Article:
See How a Stager Used a Seller’s Own Furniture to Brighten Up a Living Room
Do you remember the “spot the difference” picture game from childhood? It’s the one where you compared two very similar images, scanning them for where a tiny detail like a hat or window might be different.
Looking at the before and after on this mid-century Santa Cruz, California, home is a little bit like that. You know something is different — and way better — but you can’t quite put your finger on it, until you start looking closely.
That’s because Ashley Tapley, owner of House Candy Home, rose to the challenge of using most of the seller’s furniture when she was brought in to stage the home. The job wasn’t a total overhaul where she took everything out to bring in neutral staging items. Instead, it was a refresh, using what was already there but tweaking it to make the space lighter, airier, and more appealing to buyers.
This 2,000-square-foot mid-century home was built in 1978. It didn’t feel like a 1970s time capsule, thanks to a 1998 renovation, not to mention that earth-tone tiles and wood-beam ceilings are back in style. But like any home, this one needed some sprucing up before hitting the market.
That’s when listing agents Cara and Tim O’Halloran brought in House Candy Home for a presale consultation, color and design consultation, staging, and styling. Once Tapley was in, the process went into overdrive.
“The homeowners moved out for two weeks for updates, staging, and to sell the home,” explains Tapley. “In that time, we had the home painted inside, made updates including new door hardware throughout the house, new carpeting downstairs, and staged the home with their own furnishings.”
The decision to stage the home with existing furnishings was made because the homeowners planned to move back into the home once it was under contract. Looking at the two images of the room, the sectional is the same, the bookcase behind the sectional is the same, even the accent pillows are the same. Yet the feel is completely different — and it’s not all photography tricks.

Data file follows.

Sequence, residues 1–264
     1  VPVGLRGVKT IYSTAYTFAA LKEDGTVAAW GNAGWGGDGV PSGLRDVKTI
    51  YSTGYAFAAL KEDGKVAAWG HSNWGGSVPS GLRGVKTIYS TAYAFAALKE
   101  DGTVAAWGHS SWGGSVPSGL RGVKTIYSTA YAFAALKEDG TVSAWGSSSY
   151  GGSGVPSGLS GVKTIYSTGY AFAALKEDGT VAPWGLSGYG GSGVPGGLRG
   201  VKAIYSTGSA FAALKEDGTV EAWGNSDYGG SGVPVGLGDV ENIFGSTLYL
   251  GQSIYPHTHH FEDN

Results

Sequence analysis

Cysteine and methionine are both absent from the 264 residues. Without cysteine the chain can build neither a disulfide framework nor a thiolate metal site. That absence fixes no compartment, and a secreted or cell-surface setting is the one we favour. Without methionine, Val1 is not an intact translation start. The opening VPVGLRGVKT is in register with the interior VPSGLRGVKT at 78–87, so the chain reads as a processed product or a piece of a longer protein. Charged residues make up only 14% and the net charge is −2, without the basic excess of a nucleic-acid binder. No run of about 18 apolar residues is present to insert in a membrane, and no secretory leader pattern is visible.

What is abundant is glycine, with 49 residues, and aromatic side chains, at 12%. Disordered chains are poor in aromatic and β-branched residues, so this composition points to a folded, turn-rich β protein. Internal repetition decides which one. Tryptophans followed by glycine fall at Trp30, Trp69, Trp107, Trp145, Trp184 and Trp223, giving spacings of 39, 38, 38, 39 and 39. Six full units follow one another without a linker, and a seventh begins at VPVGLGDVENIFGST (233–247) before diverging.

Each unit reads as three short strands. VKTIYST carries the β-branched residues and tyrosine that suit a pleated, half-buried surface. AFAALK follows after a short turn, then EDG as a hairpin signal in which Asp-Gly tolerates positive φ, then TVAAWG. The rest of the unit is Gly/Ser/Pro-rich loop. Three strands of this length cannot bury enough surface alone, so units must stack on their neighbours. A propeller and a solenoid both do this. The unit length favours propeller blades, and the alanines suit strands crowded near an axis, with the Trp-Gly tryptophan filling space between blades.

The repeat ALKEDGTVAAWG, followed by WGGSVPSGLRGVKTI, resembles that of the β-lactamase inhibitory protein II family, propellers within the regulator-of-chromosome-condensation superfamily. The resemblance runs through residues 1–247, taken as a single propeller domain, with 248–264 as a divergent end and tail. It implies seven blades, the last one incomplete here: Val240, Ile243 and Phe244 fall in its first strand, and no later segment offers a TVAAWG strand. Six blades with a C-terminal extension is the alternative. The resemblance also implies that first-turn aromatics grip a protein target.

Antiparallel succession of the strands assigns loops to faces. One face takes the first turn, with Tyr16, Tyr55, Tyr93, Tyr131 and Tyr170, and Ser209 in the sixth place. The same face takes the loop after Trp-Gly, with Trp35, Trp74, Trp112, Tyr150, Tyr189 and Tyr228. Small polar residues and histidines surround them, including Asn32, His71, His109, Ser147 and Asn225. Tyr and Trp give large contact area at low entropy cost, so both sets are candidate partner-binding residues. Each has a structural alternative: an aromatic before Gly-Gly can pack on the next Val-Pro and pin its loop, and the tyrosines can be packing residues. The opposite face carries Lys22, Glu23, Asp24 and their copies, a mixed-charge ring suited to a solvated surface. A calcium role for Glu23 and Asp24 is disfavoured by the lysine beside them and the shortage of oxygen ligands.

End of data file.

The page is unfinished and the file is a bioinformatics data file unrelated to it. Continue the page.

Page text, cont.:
Tapley replaced the large rectangular coffee table with a petite and leggy round table to take up less visual space. She removed the leather ottoman that, while functional, took up significant walking space. The floor lamp moved from one side of the room to the other, making room for a large fiddle leaf fig to echo the greenery just beyond the window.
“We brought in a new rug. Always size a rug as big as you can,” Tapley says. “Leave pathways wide enough for people to walk around it so they don’t straddle the rug or need to decide to walk on or off the rug.”
The big rug adds softness and warmth to the soaring space. “We added a mirror and removed the fireplace screen,” Tapley adds. “And we removed the heavy window treatments and added in something lighter.” She brought in small plants wherever she could to bring in a sense of life and movement.
Tapley also swapped out the art, and she didn’t hang up the typical home stager art you see again and again in open houses. “The seller collects art, so we got to hang all of her art and photography collection wherever we wanted after the home was painted,” she says. “She enjoyed seeing where we chose to put her pieces since it was totally different from where she had them.”
The process of staging to selling, start to finish, only took three weeks. “We pulled out all of our items before they moved back in, so luckily most everything was theirs and styled for them to enjoy,” says Tapley. The owners got to live in their newly styled home, with their own comfortable things, while they waited for their house to close — at 20 percent over its listing price.
Would it have gone for that much had it been listed as is? Tapley doesn’t think so. It’s those subtle, spot-the-difference changes that made the space seem bigger and more welcoming, appealing to a family looking for a home with a ‘70s Santa Cruz vibe. “I cannot state enough how preparing your home for sale creates magic and top dollar outcomes,” Tapley says.